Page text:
Why do you think Disgraced causes such varied and passionate reactions in audiences?
I don’t presume to know the ultimate truth of that, but I am aware that my country has not acknowledged, or doesn’t demonstrate an authentic understanding of its direct participation in the creation of Islamophobia. I was in New York on 9/11. The first 36 hours — and as bizarre as this is to say — was the most cathartic and clarifying time for what it meant to be an American. I remember thinking ‘What a horrible thing to have happened, to be sure — but now America can no longer deny the impact it’s having on the rest of the world toward the incitement of this kind of retaliation.’ I could viscerally feel that this was the prevailing sentiment around me. We as a nation could have shifted the paradigm right there. We had the support of the entire world, including parts of the Middle East. And it broke my heart to realize just how deep our collective depth of denial must be in order to live with being able to justify things like perpetrating the war in Iraq. A play like Disgraced bumps up against the stories that we have told, or are telling, ourselves, to sustain the myth of the ‘Other’ as enemy, void of the acknowledging of our participation in creating it. I think one reason people get so worked up when viewing this play is because of how it reveals its humanity through the way these individual characters respond to extreme scenarios, thus compelling us to see ourselves as being as capable of justifying brutal thoughts and acts when feeling threatened.
What you said about your feelings during the first 36 hours — do you think that’s similar to what Amir says in the play about feeling proud? Or is he feeling something completely different?
I understand the moment, and Nehal Joshi, the actor playing Amir, clearly does as well, but we haven’t dissected it too much, as such a sentiment reveals itself at the depth of personal reckoning. To pull it apart would muddy the fact that it’s coming from the place within where it actually lives. For me, in the context of what I just said in terms of America’s shared responsibility about the atrocities going on in the Middle East — while not at all justifying the act of flying airplanes into buildings killing thousands, I am able to contemplate a depth of such despair and anger at aggressors that could inspire such an extreme act. Said act, for a number of Muslims, and others, was a communication to the world that ‘succeeded’ in being ‘heard’ at the depth of just how desperate things were. As Amir affirms, it’s not the actual atrocity that he’s condoning, but ‘the pride’ in the success of (finally) getting the message across. I’m not speaking for Nehal or Ayad, but that’s the best way that I can describe where the sentiment lives for me. It’s how I felt that day. They succeeded in getting our attention ... horrible, yes — but successful.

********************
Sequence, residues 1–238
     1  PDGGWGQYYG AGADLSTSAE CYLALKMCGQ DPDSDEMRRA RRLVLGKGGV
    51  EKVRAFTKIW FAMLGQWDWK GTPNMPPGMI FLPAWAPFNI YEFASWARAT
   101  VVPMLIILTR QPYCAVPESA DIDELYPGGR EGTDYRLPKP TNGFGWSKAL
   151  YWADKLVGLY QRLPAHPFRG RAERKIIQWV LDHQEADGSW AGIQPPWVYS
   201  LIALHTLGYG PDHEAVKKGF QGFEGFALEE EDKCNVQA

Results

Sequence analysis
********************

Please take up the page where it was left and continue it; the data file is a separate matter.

For Amir specifically, there’s such an identity struggle within the play. What connection do you see between the current climate and the situation in Disgraced?
America is no longer majority white, and will never be again. That has awakened the sleeping beast of white American dominance and an arrogance that believed it was always going to be on top, and in power, and in control. It is simply no longer a possibility. The inevitable transfer of cultural power is in play and the insanity of what we’re witnessing is the death grip with events like the current presidential campaign … I need only listen to the rhetoric of Ted Cruz and Donald Trump to understand that theirs is the response to the thread of their culture being wiped out. Identity politics isn’t new for people of color, but now that white people are compelled to address the matter, it’s become a renewed issue for us all by default, but the current knee-jerk reaction is akin to trying to get a genie back into the bottle. There’s no turning back now, however, and yet there are enough ‘angry’ people who want to ‘take their country back’. But white America doesn’t have the coping tools that black America has had for generations for dealing with a dominant culture. The world is primarily one ‘of-color’. It always has been, and white America, finally, can no longer deny it. Leaning back to the question about the reaction of this play … I do understand what you mean about the politicizing of race identity, cultural identity. But with our approach to Disgraced we’re not politicizing it, as that would be like us trying to make water wet.
As someone who directs all over the country, what creature comforts do you bring with you when you go out of town?
I bring my own sheets and my own pillow. I used to travel with my DVD collection but everything’s streaming now. And a scented candle — the current one being Moss & Sage.
What keeps bringing you back to theater?
It’s the one thing I have in my life that most successfully helps me in navigating life itself. As my full time job I get to spend my days fostering dynamic relationships and solving problems. My time in the theater has cultivated great tools for use in my own life. And, by extension, if the work I facilitate is effective, certain audience members might also gain a new way to deal with something plaguing their lives that may never have occurred to them before.
That, or maybe I can’t face reality — which is okay too. As long as theaters keep hiring me I’ll continue to work in faith that I’m doing an effective job for them … and in turn the bonus for me remains that I don’t have to face reality.
(Photo: Joe Isenberg as Isaac, Nehal Joshi as Amir, Ivy Vahanian as Emily and Felicia Curry as Jory in Disgraced at Arena Stage at the Mead Center for American Theater, April 22-May 29, 2016. Photo by C. Stanley Photography.)